The Rev. Anna Howard Shaw (1847-1919)
Anna Howard Shaw became one of the first women granted a license to preach by the Methodist Episcopal Church. Later, she became the second woman to graduate from Boston University School of Theology. However, her calling hit a snag when the New England Conference refused to ordain her.
The Methodist Protestant Church did. While a pastor in Massachusetts, her sense of calling broadened, and she earned a medical degree from Boston University. At 39, she added “master orator” to her skillset, lecturing throughout the world on behalf of temperance, world peace and women’s suffrage. She also was president of the National American Woman Suffrage Association for 11 years, serving as a bridge between the Seneca Falls generation and younger suffragists who would go on to advocate for equal rights in all aspects of American life.
Shaw died in 1919, one year before the ratification of the 19th Amendment that ensures women access to the ballot box. Today, her namesake center at her United Methodist alma mater works to promote women’s empowerment.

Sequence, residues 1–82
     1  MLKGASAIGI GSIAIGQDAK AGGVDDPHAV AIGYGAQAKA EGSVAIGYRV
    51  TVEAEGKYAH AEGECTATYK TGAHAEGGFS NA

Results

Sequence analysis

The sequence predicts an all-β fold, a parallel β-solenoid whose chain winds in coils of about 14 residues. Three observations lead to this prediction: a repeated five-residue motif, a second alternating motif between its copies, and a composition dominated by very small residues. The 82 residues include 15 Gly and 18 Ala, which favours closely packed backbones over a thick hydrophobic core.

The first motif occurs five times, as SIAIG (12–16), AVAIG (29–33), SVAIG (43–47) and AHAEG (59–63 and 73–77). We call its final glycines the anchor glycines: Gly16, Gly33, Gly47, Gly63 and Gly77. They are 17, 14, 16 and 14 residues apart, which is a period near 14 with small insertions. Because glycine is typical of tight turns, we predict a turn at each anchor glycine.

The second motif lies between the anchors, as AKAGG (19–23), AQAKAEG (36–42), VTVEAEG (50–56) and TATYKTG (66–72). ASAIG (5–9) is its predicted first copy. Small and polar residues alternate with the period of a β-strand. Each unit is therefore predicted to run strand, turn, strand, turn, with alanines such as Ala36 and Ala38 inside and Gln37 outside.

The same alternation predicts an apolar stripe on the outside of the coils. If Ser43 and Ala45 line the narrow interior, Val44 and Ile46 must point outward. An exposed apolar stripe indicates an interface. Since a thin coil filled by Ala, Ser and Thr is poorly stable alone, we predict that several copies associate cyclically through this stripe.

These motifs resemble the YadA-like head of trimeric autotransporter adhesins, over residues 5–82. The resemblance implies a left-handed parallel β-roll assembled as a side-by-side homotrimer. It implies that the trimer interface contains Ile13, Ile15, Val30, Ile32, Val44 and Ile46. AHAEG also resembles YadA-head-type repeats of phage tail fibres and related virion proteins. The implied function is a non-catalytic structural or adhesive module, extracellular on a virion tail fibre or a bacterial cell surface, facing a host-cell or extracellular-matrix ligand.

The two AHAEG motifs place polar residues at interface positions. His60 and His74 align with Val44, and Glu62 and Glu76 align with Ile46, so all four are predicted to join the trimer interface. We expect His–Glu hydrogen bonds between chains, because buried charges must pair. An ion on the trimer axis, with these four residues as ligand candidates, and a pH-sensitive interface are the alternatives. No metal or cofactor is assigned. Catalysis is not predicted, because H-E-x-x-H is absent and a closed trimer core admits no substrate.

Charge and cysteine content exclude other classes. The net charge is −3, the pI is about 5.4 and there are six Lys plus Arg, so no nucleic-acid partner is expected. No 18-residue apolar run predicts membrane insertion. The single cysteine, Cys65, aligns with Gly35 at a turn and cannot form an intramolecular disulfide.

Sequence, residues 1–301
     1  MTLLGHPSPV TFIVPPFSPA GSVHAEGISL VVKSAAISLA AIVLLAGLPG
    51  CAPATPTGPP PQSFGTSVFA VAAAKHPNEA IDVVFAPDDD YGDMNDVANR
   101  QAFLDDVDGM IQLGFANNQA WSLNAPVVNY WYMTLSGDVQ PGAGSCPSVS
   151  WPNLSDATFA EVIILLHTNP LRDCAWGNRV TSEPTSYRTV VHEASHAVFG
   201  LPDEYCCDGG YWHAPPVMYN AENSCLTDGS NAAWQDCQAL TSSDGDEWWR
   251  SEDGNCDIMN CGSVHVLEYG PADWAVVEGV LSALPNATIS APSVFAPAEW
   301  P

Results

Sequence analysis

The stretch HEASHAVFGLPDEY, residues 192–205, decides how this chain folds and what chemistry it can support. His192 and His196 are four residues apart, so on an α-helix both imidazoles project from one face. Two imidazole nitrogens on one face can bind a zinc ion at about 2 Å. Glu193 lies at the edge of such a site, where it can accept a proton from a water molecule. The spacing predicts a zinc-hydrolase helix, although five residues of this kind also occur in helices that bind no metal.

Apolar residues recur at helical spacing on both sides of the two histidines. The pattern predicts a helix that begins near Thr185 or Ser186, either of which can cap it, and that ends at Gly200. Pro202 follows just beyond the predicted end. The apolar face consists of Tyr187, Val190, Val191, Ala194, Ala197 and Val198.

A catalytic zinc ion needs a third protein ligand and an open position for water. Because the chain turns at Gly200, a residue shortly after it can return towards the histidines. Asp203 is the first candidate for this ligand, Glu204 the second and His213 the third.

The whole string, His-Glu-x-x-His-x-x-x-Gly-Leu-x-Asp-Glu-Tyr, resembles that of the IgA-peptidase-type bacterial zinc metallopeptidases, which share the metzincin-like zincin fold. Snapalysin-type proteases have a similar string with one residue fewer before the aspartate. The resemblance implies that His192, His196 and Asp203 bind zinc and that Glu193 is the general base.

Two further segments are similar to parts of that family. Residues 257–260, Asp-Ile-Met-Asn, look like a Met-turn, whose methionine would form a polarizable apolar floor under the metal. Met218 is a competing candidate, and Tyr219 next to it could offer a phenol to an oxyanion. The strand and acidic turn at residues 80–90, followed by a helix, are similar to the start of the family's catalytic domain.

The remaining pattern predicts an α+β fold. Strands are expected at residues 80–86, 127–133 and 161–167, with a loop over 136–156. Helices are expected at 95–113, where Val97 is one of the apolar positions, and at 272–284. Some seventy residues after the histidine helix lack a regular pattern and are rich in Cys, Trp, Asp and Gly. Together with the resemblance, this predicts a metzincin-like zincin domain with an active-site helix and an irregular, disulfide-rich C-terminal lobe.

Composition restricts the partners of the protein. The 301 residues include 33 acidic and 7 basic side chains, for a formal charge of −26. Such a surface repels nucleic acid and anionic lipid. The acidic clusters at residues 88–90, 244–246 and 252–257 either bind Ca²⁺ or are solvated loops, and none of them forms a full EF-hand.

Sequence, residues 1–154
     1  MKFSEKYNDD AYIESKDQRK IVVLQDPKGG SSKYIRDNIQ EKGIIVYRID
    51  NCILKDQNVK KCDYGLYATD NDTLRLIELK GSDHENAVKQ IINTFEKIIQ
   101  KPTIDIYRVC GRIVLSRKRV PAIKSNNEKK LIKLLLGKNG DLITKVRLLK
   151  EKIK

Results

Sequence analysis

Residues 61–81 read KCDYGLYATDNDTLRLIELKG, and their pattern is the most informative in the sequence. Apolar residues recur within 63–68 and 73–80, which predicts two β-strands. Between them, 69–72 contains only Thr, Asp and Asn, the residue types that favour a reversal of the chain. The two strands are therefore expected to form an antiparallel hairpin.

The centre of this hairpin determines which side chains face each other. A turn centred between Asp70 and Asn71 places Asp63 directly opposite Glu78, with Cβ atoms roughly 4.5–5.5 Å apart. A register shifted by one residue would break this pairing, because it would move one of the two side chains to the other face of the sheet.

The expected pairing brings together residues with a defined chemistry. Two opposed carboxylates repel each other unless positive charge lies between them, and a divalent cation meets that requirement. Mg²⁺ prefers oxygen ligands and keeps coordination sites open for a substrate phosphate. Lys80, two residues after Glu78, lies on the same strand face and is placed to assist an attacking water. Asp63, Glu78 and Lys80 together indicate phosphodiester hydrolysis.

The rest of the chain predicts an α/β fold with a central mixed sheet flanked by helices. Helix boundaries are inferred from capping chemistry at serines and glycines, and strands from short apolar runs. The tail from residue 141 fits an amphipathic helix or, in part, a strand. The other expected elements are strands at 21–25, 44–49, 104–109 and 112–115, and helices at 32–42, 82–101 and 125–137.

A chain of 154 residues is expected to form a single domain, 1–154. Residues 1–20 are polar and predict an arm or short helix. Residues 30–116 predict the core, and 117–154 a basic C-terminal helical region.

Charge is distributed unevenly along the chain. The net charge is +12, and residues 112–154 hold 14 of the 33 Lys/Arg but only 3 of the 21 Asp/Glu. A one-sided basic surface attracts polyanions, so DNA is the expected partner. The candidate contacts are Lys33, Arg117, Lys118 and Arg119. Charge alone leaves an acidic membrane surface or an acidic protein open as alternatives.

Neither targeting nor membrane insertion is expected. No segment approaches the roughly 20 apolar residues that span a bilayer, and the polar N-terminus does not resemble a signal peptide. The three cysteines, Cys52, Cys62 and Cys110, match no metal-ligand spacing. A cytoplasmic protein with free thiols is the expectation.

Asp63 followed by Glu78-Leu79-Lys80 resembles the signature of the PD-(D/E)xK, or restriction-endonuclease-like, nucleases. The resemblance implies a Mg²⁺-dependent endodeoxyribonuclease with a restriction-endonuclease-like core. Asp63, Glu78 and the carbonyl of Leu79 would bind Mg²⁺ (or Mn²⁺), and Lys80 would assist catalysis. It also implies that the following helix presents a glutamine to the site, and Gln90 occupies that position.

“Anna Howard Shaw realized that her call was beyond the local church,” said Margaret Wiborg, the first full-time director of the Anna Howard Shaw Center.
“In her autobiography, ‘The Story of a Pioneer,’ she says that after seven years of ministry on Cape Cod her soul ‘sent forth a sudden call to arms … I could find but one solution for women — the removal of the stigma of disfranchisement.’”
March is Women’s History Month. Activists today may be inspired to hear the stories of six historic figures who advocated for women’s voting rights as part of their Christian calling. Anna Howard Shaw was a Wesleyan women who helped form a more perfect union even as she was going on to Christian perfection.
This article is written by Heather Hahn and published by the United Methodist News Service on Nov. 3, 2016.
Hahn is a multimedia news reporter for United Methodist News Service. Contact her at (615) 742-5470 or email@example.com.